Canine periodontal disease
(PD), which includes gingivitis and periodontitis, is one of the most common problems faced by pet owners.

The largest-of-its-kind data exploration study, conducted in the US and published in The Veterinary Journal, Sept 2021, by Science Direct  showed that smaller breeds were more likely to develop PD than larger breeds.  

It found that the majority of dogs diagnosed weighed under 15 kg. Breeds most frequently affected include Toy and Miniature Poodles, Dachshunds, Yorkshire Terriers, Cocker Spaniels and Jack Russell Terriers. 

Least affected dogs included Border Collies, German Shepherds, Labrador Retrievers and Staffordshire Bull Terriers.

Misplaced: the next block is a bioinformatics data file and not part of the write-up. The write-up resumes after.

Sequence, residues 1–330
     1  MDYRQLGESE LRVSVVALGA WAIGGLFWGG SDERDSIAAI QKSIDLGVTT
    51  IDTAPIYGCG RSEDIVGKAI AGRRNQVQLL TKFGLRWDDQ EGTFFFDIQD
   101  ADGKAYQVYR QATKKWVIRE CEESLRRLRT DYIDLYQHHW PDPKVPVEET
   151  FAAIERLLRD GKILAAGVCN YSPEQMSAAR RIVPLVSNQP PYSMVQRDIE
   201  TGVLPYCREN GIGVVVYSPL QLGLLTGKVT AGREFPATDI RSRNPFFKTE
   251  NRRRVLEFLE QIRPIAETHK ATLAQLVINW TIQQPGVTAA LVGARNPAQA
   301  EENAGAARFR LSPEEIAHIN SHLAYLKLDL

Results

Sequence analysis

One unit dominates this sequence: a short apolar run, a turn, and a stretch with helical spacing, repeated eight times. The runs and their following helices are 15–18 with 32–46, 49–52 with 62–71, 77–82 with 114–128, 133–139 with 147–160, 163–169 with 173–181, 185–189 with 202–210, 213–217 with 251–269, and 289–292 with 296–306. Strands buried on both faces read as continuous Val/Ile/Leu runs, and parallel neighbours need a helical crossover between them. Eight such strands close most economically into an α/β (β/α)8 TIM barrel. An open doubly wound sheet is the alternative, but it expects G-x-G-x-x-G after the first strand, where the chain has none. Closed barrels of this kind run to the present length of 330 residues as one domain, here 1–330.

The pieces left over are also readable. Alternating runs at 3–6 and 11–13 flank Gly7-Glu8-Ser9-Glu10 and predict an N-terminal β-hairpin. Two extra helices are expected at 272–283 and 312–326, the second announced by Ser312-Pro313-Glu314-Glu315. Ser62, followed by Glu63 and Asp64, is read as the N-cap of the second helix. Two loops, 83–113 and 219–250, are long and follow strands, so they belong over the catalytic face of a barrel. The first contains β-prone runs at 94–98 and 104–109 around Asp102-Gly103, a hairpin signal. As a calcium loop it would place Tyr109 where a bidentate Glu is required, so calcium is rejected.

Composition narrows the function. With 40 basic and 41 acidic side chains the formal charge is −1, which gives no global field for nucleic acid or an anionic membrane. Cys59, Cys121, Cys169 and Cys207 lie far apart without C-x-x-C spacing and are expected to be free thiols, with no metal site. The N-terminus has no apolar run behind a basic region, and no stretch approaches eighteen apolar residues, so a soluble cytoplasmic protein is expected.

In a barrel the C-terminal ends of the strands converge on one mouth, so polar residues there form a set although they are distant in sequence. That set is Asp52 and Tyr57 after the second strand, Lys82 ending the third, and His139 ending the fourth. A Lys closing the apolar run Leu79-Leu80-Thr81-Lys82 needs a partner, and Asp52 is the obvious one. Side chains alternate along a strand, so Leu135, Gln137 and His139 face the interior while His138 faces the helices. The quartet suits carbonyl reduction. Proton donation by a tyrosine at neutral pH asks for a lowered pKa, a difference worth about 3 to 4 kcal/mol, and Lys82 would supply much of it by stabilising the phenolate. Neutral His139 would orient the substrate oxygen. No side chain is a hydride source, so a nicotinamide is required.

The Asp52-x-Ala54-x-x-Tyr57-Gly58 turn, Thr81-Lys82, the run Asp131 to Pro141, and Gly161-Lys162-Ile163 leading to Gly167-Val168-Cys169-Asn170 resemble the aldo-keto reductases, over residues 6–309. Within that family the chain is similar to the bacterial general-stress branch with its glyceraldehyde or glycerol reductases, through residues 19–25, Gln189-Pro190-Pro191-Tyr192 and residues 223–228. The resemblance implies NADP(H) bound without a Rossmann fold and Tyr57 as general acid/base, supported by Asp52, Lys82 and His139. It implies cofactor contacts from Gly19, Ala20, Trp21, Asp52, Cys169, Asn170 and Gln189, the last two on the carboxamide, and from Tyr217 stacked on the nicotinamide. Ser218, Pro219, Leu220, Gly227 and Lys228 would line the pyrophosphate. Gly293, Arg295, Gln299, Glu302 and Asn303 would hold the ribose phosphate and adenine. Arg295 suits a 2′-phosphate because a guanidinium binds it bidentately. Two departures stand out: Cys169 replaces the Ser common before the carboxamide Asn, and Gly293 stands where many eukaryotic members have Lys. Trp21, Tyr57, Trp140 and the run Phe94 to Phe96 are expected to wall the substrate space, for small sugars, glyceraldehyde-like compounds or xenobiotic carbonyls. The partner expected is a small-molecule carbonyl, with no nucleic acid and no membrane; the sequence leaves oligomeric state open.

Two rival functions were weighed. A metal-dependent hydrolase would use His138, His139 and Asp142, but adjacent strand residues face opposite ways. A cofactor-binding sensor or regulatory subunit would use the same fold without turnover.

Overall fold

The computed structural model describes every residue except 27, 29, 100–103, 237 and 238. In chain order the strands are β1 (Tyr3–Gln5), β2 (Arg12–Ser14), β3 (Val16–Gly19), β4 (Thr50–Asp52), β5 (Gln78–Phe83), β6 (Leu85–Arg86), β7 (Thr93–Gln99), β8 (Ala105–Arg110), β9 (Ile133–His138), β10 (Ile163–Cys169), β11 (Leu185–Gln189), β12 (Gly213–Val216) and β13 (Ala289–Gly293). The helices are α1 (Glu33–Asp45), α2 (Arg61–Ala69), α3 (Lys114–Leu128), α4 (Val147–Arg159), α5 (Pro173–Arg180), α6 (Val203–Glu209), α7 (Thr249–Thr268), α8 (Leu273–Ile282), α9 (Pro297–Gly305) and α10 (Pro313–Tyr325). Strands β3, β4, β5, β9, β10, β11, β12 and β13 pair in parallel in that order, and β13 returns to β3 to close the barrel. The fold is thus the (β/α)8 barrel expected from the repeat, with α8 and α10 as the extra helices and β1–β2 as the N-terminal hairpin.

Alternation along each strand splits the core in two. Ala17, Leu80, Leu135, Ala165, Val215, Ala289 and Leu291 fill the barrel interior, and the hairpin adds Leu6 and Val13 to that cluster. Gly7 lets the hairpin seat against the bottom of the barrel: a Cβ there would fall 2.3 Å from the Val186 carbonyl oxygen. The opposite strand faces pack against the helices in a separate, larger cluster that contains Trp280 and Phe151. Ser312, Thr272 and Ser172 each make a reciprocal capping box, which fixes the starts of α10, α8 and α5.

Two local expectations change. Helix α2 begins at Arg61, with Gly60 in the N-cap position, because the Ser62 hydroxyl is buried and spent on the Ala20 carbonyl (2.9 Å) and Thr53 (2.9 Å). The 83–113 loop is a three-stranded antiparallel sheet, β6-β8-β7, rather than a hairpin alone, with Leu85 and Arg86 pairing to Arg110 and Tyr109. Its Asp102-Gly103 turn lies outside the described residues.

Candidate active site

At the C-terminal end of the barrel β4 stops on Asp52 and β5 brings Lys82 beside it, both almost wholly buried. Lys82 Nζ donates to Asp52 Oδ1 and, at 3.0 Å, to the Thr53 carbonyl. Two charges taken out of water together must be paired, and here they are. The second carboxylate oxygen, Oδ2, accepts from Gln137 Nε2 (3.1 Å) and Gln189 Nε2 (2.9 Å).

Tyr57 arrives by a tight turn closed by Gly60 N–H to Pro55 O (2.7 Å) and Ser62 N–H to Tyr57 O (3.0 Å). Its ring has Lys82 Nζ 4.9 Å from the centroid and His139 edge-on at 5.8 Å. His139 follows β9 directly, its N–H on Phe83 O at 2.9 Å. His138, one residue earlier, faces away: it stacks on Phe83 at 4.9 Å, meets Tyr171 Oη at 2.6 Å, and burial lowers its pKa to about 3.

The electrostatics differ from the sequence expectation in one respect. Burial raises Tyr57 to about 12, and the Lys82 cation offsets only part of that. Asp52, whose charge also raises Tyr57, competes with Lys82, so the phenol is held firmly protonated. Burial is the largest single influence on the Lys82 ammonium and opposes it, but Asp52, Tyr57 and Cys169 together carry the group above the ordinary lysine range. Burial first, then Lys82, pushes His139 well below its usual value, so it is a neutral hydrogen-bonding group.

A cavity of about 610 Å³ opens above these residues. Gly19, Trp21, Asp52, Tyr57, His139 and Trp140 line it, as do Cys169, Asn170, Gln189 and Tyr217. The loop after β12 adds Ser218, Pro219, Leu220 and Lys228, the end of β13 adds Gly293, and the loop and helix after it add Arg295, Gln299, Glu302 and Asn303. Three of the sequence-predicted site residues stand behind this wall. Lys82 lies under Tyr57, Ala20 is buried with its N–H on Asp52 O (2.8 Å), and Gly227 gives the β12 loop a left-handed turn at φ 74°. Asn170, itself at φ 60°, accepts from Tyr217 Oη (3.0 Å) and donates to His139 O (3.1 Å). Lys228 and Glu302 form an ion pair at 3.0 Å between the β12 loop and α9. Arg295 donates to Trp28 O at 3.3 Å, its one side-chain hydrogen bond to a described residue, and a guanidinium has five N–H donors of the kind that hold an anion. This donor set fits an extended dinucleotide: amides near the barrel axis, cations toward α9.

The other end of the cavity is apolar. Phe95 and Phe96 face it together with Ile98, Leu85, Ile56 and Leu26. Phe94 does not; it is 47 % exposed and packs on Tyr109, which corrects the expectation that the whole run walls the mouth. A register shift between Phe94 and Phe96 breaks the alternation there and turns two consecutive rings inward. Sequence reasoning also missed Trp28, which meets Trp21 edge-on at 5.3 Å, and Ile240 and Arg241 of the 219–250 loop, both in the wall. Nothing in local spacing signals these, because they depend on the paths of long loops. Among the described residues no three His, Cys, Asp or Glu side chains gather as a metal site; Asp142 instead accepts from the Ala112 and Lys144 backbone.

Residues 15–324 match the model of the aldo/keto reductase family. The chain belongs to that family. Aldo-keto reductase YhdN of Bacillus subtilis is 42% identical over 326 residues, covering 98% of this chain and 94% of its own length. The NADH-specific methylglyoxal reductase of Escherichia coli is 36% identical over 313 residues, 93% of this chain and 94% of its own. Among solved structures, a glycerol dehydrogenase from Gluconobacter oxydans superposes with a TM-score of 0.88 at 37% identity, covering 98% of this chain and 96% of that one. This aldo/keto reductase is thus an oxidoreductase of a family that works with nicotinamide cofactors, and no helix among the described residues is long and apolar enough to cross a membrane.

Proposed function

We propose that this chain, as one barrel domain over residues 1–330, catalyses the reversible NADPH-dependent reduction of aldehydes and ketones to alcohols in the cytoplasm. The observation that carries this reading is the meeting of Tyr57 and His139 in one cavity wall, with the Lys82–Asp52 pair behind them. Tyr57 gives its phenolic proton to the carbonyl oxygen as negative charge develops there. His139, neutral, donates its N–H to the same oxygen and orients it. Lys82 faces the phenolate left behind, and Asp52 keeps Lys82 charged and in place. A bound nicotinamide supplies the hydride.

The authors of the study added breed predisposition to PD is potentially influenced by genetics, variation in skull shape, tooth over-crowding and jaw size) and differences in feeding regimes.

In essence, the researchers noted that small dogs may have proportionally larger teeth and this can lead to overcrowding and increased plaque buildup and inflamed gums.  
 
The study concluded that "by eliminating calculus and subjecting dogs to daily repeated and careful tooth brushing, it is possible to establish and maintain healthy gingiva".

Text By: Therese Tan


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